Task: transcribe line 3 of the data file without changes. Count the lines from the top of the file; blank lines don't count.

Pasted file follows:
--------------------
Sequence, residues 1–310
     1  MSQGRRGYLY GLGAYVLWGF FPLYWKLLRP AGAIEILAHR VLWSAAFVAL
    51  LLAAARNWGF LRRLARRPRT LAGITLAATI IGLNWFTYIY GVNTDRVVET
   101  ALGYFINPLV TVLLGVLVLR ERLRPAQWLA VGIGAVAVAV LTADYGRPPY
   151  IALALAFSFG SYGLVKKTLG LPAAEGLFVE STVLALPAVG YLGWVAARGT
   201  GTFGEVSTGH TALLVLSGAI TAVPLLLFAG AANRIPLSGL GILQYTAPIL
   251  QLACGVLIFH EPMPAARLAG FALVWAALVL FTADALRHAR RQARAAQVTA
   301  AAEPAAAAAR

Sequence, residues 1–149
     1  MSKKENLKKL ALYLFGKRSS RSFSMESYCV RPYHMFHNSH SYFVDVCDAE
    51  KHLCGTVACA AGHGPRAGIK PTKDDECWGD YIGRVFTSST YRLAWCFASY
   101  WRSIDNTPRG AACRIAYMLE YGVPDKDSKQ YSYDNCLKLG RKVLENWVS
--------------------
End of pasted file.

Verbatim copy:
    51  LLAAARNWGF LRRLARRPRT LAGITLAATI IGLNWFTYIY GVNTDRVVET